When a fair housing rule is not fair
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Just a week after the assassination of Martin Luther King Jr. in April 1968, Congress passed the Fair Housing Act, which outlaws discrimination in housing. Sen. Edward Brooke (R-Mass.) and the first African American elected to the Senate since Reconstruction, wrote the bill with Sen. Walter Mondale (D-Minn.). On the Senate floor, Brooke invoked a spirit of bipartisanship that ultimately carried the day: “Fair housing is not a political issue, except as we make it one by the nature of our debate. It is purely and simply a matter of equal justice for all Americans.”

Citing extensive statistics on the persistence of racial segregation and concentrated poverty in American cities, Brooke also debunked the common myth that segregation was simply a byproduct of individual preferences and housing costs: “Careful analysis of 15 cities indicates that white upper- and middle-income households are far more segregated from Negro upper- and middle-income housing than some white lower-income households. Thus, racial discrimination appears to be the key factor underlying housing segregation patterns.”

Today, HUD proposed a rule under the Fair Housing Act that erases race and racial disparities from HUD’s definition of fair housing. The proposed rule doesn’t mention racial segregation or racially concentrated poverty – the twin evils the Fair Housing Act was designed to address. Instead, the rule attempts to codify the widely refuted myth that simply reducing housing costs will provide fair and equal access to housing, regardless of race or ethnicity, disability, family status, or any other characteristic protected under the Fair Housing Act.

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HUD’s proposed rule fundamentally rewrites a provision in the Fair Housing Act that requires HUD to “affirmatively further fair housing”—essentially, to address segregation and discrimination. HUD and the courts have consistently interpreted the affirmative mandate as requiring all state and local governments to use their federal housing funds to promote “truly balanced and integrated living patterns” (a phrase used by Mondale in his speech on the Senate floor and quoted by the Supreme Court in its first opinion interpreting the Act). HUD’s proposed rule reinterprets this provision as only requiring local jurisdictions to increase housing affordability, primarily by lifting regulatory barriers to housing production.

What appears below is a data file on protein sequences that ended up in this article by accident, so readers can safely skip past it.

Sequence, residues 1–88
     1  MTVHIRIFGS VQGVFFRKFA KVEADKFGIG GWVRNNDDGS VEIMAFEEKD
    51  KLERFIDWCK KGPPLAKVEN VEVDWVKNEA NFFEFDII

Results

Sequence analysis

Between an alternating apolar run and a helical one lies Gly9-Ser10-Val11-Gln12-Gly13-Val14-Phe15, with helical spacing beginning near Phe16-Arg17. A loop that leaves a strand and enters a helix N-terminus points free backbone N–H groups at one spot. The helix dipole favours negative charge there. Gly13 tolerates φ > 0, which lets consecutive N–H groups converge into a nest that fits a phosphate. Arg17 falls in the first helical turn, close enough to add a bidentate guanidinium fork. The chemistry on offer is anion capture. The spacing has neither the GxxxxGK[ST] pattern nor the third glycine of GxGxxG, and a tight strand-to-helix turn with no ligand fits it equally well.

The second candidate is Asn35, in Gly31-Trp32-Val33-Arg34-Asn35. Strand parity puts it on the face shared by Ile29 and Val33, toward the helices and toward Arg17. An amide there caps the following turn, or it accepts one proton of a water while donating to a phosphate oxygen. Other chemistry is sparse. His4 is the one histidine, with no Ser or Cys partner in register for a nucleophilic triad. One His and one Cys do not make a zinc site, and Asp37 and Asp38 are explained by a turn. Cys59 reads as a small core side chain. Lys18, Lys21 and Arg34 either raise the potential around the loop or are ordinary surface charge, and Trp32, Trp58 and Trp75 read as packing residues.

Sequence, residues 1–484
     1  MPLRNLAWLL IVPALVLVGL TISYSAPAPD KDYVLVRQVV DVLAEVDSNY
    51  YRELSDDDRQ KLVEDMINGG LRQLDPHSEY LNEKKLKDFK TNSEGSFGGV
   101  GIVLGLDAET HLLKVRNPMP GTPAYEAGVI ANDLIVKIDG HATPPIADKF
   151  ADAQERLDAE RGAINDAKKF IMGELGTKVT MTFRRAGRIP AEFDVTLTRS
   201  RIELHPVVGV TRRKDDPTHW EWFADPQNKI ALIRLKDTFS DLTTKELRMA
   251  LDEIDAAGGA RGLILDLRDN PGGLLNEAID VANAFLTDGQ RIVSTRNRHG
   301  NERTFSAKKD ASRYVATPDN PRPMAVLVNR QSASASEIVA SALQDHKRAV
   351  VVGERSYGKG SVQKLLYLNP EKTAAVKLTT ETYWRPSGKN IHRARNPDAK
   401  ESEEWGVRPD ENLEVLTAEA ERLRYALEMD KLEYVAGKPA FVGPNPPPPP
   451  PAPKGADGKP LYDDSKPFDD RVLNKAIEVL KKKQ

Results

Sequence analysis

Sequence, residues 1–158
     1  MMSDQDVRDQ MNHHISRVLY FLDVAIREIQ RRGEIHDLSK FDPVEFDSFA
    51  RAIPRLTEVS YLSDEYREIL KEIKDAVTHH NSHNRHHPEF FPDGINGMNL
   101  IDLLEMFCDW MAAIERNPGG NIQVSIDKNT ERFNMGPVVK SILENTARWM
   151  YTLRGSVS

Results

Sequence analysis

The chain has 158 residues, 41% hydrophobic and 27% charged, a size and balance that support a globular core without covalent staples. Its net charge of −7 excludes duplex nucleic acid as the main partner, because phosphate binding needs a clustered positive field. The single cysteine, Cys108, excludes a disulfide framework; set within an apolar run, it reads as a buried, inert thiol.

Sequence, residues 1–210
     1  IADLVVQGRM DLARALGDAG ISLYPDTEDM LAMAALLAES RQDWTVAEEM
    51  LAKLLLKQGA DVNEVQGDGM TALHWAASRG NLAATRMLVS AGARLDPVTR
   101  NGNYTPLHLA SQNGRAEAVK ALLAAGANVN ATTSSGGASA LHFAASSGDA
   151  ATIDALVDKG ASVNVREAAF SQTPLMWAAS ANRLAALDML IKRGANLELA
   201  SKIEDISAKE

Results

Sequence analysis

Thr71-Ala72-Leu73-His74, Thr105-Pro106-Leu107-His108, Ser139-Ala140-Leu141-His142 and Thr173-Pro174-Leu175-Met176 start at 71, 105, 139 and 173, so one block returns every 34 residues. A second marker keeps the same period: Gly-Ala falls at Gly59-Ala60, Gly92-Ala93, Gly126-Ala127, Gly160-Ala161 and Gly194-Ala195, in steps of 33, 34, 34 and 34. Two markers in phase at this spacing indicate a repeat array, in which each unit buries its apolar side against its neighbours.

Ample research demonstrates the stubborn persistence of segregation and the devastating consequences of growing up in a neighborhood of concentrated poverty today. A 2015 study by the Century Foundation finds that if you are black and poor in the U.S. you are three times more likely to live in a high-poverty neighborhood than if you are white and poor – a disparity that has only increased since the Great Recession. Echoing the statistics cited by Brooke more than 50 years ago, a recent working paper from economists at the Federal Reserve Bank of Cleveland shows that high-income, high-wealth black households live in similar-quality neighborhoods as low-income, low-wealth white households. The authors conclude that “neighborhood sorting by income and race cannot be explained by financial constraints.”

Moreover, the vast racial disparities in access to decent housing and healthy neighborhoods in the United States did not come about by chance, and they do not reflect market forces. Programs, policies, and practices have systematically denied equal opportunity to people of color, resulting in segregated neighborhoods with unequal access to resources.

HUD can – and must – tackle the dual challenges of fair and affordable housing in the U.S. Affordability challenges are crushing for very low-income families and creeping up the income scale to put the squeeze on middle-class households. But an equally pressing need – and one anticipated by Congress when it drafted the Fair Housing Act – is to end the plagues of discrimination, segregation and exclusion that divide our communities and shut too many families out of the American Dream. This issue should not be partisan; it is purely and simply a matter of equal justice.

Solomon Greene is a Senior Fellow at the Urban Institute and Vice Chair of the Board of Directors for the National Housing Law Project. Shamus Roller is the Executive Director of the National Housing Law Project.